An STP or Systematic Transfer Plan moves a fixed amount of money from one mutual fund to another at regular intervals. For example an STP can transfer Rs 10,000 each month from Axis Liquid Fund to Axis Bluechip Fund. Typically, an STP is used to transfer money between liquid or debt fund to an equity fund. This averages out an investor’s buying price in the equity fund and reduces his or her risk.
How an STP works
An STP transfers a fixed amount of money from one mutual fund to another. Your balance in the first fund is reduced and your balance in the second fund is increased. This happens automatically and you do not have to do anything to transfer the money. An STP is closely related to SIP and SWP, two other common techniques of mutual fund investing. An SIP invests a fixed amount in a mutual fund at regular intervals and an SWP withdraws a fixed amount from a mutual fund at a regular interval.
STPs can only transfer money between two mutual fund schemes of the same AMC (fund house). For example, an STP cannot transfer money each month between Axis Liquid Fund and ICICI Long Term Equity Fund.
Benefits of STP
- Averaging out effect. An STP averages out an investor’s purchase price and protects him from catching a market high. For example if the NAV of the fund is Rs 10 in the first month, Rs 8 in the second month and Rs 6 in the third month, an STP will get him an average price of Rs 8. On the other hand a lumpsum in the first month would get him a price of Rs 10.
- Lumpsum Investment: An investor who has obtained a lumpsum, say through a bonus at work or from the sale of property can invest in mutual funds through STPs rather than lump sums. For example a person who has obtained Rs 50 lakh by selling house can invest this amount in 1-2 liquid funds which are extremely low risk. From these liquid funds, he can initiate STPs into equity funds over the next 2-3 years. This will less risky than investing the entire Rs 50 lakh on a single day or few days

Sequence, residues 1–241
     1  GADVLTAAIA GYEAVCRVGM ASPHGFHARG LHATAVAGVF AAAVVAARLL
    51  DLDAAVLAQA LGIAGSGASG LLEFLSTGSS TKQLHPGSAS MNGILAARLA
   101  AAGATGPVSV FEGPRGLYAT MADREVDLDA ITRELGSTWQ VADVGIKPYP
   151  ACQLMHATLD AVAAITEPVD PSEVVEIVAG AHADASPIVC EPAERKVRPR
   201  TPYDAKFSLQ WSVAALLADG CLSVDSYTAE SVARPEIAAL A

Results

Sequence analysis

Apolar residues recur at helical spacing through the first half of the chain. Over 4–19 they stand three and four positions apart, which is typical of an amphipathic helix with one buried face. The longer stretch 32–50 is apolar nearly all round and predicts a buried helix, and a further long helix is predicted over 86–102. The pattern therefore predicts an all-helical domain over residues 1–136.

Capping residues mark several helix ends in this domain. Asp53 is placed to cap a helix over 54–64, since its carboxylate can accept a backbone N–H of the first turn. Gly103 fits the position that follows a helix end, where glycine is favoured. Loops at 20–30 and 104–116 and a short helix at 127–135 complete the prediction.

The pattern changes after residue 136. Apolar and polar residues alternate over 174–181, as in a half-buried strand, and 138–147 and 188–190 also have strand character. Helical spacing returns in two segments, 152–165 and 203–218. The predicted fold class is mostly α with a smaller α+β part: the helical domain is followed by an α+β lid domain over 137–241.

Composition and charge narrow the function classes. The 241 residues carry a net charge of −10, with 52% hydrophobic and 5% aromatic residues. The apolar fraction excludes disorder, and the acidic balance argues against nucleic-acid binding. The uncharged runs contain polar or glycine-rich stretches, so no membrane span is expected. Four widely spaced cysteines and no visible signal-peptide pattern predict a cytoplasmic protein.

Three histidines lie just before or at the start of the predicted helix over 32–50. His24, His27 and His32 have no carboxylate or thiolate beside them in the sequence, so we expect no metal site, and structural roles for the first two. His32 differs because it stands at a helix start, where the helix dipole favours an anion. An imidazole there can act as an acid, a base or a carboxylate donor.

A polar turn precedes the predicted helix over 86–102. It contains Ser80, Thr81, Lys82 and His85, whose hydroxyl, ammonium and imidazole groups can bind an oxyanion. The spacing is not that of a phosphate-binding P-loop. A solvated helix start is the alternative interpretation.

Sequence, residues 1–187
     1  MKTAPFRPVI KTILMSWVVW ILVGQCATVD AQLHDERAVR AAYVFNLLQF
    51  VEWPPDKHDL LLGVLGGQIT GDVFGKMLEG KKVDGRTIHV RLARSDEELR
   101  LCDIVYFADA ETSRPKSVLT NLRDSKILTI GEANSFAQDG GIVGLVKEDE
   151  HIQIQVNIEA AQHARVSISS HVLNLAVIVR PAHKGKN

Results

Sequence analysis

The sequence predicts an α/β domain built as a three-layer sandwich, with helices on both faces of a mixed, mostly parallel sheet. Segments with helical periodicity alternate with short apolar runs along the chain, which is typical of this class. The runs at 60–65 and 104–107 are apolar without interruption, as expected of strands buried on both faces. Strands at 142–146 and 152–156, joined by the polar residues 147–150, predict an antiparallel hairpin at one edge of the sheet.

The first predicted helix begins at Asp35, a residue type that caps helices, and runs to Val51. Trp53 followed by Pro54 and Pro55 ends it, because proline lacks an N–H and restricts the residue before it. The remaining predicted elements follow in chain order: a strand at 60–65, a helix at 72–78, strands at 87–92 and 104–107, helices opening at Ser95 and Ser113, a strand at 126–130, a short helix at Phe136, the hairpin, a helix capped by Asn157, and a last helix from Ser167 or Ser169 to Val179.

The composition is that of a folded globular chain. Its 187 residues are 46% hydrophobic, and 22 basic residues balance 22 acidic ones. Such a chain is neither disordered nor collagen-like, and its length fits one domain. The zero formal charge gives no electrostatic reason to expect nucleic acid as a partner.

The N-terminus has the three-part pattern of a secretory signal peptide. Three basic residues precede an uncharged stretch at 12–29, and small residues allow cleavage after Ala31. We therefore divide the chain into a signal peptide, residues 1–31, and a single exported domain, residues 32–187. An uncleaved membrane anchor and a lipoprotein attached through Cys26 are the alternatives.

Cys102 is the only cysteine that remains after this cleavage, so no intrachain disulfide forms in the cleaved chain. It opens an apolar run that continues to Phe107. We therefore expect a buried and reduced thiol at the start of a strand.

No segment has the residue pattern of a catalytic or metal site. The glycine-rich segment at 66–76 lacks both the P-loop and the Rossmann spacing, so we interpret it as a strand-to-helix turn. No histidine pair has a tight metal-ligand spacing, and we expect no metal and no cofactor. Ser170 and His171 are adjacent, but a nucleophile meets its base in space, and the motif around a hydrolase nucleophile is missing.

Investing in STPs v Investing in a market correction
Many investors wait for market corrections instead of setting up STPs. Although this approach can yield higher returns in theory, it may not work in practice. This is because it is impossible to tell how long a correction will run and how deep it will go. Investing in correction amounts to timing the market and this can be almost impossible to successfully implement.
How to set up an STP
You need to fill up an STP form and submit it at the office of the concerned mutual fund house (AMC). If you are investing online through an aggregator/AMC website, you can fill up this form online. In the STP form, you have to specify the date of the STP, the duration of the STP and the amount of the STP. For example, an STP of Rs 5,000 on the 15th of each month for a tenure of 1 year.
Tax on STP
The applicable tax on an STP depends on two factors – the type of fund you are transferring from and the length of your holding period. This is because an STP transfer is treated as a redemption and taxed accordingly.
In case of equity funds, transfers within 1 year of purchase will be taxed under the Short Term Capital Gains Tax (STCG) at 15%. Transfers after 1 year, in excess of Rs 1 lakh will be taxed under the Long Term Capital Gains Tax (LTCG) at 10%. In case of debt funds, transfers within 3 years of purchase are taxed as per your slab and transfers after 3 years are taxed at 20% after giving you the benefit of indexation. Indexation reduces your tax liability to account for inflation. You can read more about mutual fund taxation here.
Typically, most STPs are from liquid funds and hence taxed at your slab rate. However the returns/gains in such funds are also around 6-8% and hence the actual tax payable from STPs is not large.
Each STP transfer is taken as part capital and part income as per the First-in-First-Out (FIFO) system of accounting. For example, assume that you have invested Rs 1 lakh in a liquid fund and it has grown to Rs 1.1 lakh in 6 months. You start an STP from the 7th month onwards of Rs 10,000 per month. In this case, roughly Rs 9,000 (90%) of each transfer/STP installment is capital and Rs 1,000 (10%) is capital gains/income. This income component will be taxed at your slab rate. Let’s assume this rate is 20%. In this case you will have to pay a tax of Rs 200 on every STP installment.
Exit Load in STP
Exit load is a charge imposed by the mutual fund if you withdraw your money before certain specified intervals – typically 1 year for equity funds. Hence it will apply to STP transfers made before the exit load period as well. However there is no exit load on liquid funds and most STPs transfer money from a liquid fund to an equity fund, thereby avoiding exit load.